By ANDREW FLYNN, Storyteller
Not more than an hour after the Vice President had abruptly dispatched Phil Tulio permanently, many drops of perspiration could be found on his badly-receded hairline. Sweating profusely and with a sharp scent of alcohol under his breath, he briskly walked down the hall of a long and impressive corridor. Two Secret Service agents accompanied him on the venture. A pair of giant doors dwarfed him as he spoke aloud for the first time since he had left One Observatory Circle.
“You’re both going to stay out here, I don’t care how much you don’t like it,” he barked.
“Yes, sir,” the two agents quietly said in unison.
Upon opening one of the doors, a warm and glowing light filled the Vice President’s vision. Inside was an impressive room to the least. Rich with fine wood and leather décor about, it would be enough to make a layman do a double-take. Appearance alone wasn’t enough this time, especially for the number-two in charge of the country.
“I see I’m not interrupting anything, gentlemen,” the Vice President called out.
There were three well-dressed inhabitants of the room. They sat in high-backed chairs, each with rock glasses either in their hands or near them, filled with requisite top-shelf alcohol. As he walked toward them eyeballing an empty yet equally high-backed chair, the sweat on his forehead began to dry. He took out a white, silk handkerchief to dab the drops away. None of the men rose to greet the VP.
The oldest of the three men spoke first, “We’re kind of surprised your visit didn’t occur sooner. Join us.”
“I’ll stand for a minute, Snares. You three ought to know something,” the Vice President explained.
The Vice President discontinued his pacing that he had just begun, still in his tracks, yet still on his two feet. Eccos planted in the well-manicured carpet underneath them. There was close to ten seconds of silence in the room. The magnificent fireplace adoring the wall in the room crackled and popped as if a fresh log had been recently placed on top.
“Oh, shit,” the Vice President blurted.
“That’s right, ‘Oh, shit’, you sure did it this time,” said Snares. “God, if you aren’t the biggest fuck-up who’s ever held your office, I don’t know who is.”
“There isn’t an excuse I came to give you, Jeff.”
“Damned right there isn’t, because none of the three of us want to hear it!” boomed Snares, enough to shake the very walls of the whole room. It was a deep, husky voice, and it reverberated very well anywhere. Here it was on display in true reference-quality.
Jeff Snares hadn’t gotten up from his chair at all, nor had he given any facial cue that he was going to. He sat collected, and with his left leg crossed over his right. A scholarly-looking man of 70 years, he wore an expensive smoking jacket over his suit that definitely wouldn’t be found at a discount clothing store. He carried himself in a cloud of pretension as no one knew better, ever.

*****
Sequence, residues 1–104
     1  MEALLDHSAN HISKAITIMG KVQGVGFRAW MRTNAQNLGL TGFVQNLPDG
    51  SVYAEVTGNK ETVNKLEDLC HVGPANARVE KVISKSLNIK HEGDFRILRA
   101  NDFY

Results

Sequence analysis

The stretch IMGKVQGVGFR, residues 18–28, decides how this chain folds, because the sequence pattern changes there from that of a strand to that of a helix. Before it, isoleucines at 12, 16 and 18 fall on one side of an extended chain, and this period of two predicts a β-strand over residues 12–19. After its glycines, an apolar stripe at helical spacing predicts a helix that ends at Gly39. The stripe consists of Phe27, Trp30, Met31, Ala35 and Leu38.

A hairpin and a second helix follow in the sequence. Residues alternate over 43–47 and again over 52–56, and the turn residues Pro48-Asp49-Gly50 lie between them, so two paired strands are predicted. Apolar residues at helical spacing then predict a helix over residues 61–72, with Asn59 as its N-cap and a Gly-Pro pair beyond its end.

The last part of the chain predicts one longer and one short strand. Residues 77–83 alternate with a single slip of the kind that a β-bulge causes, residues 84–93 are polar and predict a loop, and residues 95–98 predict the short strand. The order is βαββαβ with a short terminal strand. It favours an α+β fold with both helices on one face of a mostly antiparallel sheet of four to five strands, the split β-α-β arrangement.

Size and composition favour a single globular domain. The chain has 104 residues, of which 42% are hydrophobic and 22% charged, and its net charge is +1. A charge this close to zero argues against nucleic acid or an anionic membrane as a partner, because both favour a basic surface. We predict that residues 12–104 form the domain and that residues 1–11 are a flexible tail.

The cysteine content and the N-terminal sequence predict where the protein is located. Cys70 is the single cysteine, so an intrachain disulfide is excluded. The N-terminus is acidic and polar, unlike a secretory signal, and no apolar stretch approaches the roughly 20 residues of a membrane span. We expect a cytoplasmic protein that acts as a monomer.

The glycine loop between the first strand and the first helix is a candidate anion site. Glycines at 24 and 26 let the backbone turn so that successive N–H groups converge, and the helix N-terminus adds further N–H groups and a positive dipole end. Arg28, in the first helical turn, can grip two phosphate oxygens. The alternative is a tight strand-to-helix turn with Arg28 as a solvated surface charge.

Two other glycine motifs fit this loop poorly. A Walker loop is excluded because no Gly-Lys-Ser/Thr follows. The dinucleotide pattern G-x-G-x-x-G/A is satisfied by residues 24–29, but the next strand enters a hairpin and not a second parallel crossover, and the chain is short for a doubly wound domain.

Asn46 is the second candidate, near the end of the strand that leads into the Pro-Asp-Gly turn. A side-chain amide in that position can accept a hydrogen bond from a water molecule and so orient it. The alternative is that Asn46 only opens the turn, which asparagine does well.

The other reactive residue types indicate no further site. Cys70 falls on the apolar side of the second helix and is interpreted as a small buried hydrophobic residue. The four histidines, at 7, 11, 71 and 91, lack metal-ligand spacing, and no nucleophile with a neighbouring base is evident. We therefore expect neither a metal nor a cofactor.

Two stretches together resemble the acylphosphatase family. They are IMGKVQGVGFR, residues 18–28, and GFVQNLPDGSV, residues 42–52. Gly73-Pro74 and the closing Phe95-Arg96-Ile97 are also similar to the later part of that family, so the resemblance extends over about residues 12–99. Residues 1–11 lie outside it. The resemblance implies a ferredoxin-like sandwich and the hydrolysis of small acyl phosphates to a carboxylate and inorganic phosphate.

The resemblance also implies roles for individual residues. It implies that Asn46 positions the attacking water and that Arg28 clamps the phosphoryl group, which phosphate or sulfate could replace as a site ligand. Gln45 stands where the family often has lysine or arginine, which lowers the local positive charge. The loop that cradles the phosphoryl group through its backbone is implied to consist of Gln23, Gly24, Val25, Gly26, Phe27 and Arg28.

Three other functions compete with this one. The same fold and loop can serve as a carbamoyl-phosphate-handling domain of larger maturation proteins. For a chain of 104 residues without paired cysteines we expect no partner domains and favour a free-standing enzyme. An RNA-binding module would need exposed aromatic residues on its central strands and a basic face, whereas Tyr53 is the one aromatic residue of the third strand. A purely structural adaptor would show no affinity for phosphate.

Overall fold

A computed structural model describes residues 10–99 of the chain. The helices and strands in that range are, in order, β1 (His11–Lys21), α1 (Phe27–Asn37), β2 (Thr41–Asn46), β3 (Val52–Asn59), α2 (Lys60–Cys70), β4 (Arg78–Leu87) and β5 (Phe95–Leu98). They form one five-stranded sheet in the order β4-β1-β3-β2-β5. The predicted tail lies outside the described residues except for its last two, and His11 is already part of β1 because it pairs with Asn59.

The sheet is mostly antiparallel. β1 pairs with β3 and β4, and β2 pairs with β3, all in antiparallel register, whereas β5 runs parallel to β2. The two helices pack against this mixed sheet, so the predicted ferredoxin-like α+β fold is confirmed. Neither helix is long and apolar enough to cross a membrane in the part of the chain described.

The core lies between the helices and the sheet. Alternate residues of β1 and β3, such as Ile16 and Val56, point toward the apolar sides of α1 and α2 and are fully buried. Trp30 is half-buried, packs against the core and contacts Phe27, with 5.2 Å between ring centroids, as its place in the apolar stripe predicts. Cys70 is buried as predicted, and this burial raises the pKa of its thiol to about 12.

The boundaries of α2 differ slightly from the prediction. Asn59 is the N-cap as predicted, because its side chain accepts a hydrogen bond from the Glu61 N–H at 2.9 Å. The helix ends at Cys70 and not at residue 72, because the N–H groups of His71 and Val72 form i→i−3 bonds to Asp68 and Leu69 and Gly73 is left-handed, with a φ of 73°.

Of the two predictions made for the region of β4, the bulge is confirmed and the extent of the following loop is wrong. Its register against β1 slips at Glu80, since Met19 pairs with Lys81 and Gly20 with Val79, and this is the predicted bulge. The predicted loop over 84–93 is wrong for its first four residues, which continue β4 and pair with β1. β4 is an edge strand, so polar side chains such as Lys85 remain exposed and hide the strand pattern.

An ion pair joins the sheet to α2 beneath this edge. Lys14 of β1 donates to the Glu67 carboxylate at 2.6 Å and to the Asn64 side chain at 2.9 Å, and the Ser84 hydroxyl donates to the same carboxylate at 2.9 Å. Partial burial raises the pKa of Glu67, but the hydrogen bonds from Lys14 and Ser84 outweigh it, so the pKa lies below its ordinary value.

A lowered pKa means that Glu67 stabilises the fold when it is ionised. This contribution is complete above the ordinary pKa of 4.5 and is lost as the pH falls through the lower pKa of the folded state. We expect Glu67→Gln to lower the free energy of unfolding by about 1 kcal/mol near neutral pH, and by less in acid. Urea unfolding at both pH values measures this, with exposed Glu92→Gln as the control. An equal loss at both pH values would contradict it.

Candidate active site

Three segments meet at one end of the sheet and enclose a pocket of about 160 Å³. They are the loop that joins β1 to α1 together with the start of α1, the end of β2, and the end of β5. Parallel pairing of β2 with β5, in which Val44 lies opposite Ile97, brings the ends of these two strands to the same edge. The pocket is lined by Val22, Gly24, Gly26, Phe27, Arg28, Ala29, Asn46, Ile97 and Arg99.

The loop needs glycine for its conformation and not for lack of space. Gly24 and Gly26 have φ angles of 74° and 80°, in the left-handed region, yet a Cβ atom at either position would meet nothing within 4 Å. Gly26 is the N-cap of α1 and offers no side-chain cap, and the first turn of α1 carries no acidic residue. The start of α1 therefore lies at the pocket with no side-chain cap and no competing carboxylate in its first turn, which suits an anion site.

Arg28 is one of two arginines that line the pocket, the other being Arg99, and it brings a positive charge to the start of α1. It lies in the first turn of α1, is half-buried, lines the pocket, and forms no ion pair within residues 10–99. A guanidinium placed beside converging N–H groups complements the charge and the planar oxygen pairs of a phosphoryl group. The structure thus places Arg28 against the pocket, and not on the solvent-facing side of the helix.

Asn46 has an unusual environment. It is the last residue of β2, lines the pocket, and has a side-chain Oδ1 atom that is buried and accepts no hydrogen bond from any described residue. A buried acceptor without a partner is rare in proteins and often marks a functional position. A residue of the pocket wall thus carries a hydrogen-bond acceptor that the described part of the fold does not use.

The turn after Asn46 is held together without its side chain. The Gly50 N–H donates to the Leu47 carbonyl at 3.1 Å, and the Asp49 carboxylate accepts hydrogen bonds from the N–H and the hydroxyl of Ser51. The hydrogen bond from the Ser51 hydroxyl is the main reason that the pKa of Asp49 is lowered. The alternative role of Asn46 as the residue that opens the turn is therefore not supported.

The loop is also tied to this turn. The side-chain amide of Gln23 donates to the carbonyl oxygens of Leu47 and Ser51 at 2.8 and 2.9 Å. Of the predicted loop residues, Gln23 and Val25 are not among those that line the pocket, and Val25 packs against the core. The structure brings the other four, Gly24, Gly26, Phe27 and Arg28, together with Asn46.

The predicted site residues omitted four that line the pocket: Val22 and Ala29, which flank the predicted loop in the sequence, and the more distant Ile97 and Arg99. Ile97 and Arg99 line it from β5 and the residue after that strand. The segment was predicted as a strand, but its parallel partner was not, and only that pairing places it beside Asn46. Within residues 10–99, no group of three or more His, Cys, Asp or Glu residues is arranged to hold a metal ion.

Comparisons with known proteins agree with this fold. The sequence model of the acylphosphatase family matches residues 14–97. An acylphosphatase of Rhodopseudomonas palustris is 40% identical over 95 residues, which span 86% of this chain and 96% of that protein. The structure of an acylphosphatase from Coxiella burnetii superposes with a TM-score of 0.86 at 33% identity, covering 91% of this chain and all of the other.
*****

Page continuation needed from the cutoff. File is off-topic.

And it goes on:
“Perhaps I’m getting ahead of myself here,” Snares acquiesced. “Now sit down, dammit.” Snares didn’t take his eyes off the Vice President for a second.
“I can’t believe Dale would defect like this, Jeff. I just can’t.”
One of the other two men spoke up. “You should really just shut the fuck up. Sir.”
“Good advice, thank you, Charles,” Snares said sharply but with gratitude.
“So I’m a lost cause then, that’s it?” asked the Vice President.
“Jesus, shut your mouth!” the third man said, eyes fixed on the Vice President. “Right now! Or I’ll shut it for you.”
More silence filled the room. Twenty seconds this time. Snares went on to hold serve.
“Of course we couldn’t not bring you into our plan,” he directed at the Vice President. “Lord knows that we tried to think of every way not to include you. And yes you did provide us some quality resources along the way. But you never could keep all your dogs from barking, could you? No you couldn’t.”
Snares sipped his whiskey sour, and enjoyed the taste for a moment, then proceeded to set his glass down. More crackling from the fire. It brought warmth to those in the room, but it was heat that the Vice President didn’t need at the moment.
“So we don’t know what we’re going to do with you. Yet. I mean, of course, I know what I want to do with you. I want to give you a big spanking. You bald son of a bitch. How you got picked to be number two is something I’ll never understand. But then again, I’m not a politican. None of us in The Society are. You know, when the torch for The Precipitation Above was passed to me back some fifty years ago, I hadn’t a clue how far really we could all go.”
“It was a legacy thing, Jeff. Few in your position would know what to do, especially at that age,” the Vice President stated.